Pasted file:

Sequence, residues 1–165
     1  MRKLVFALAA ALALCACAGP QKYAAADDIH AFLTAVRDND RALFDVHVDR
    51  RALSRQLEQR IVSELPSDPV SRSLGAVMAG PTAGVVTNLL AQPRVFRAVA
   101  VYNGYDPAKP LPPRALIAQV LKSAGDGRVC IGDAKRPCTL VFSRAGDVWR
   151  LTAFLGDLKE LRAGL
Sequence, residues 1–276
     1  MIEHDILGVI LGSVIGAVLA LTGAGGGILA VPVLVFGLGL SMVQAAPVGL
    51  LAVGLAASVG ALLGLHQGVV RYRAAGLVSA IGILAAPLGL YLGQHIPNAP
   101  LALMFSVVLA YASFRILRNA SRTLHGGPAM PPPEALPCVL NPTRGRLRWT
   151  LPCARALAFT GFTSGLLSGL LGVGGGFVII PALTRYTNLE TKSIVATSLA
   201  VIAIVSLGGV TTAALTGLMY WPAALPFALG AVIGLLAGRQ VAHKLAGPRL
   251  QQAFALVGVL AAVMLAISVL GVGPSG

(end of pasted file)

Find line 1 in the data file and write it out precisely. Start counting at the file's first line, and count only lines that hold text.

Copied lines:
Sequence, residues 1–165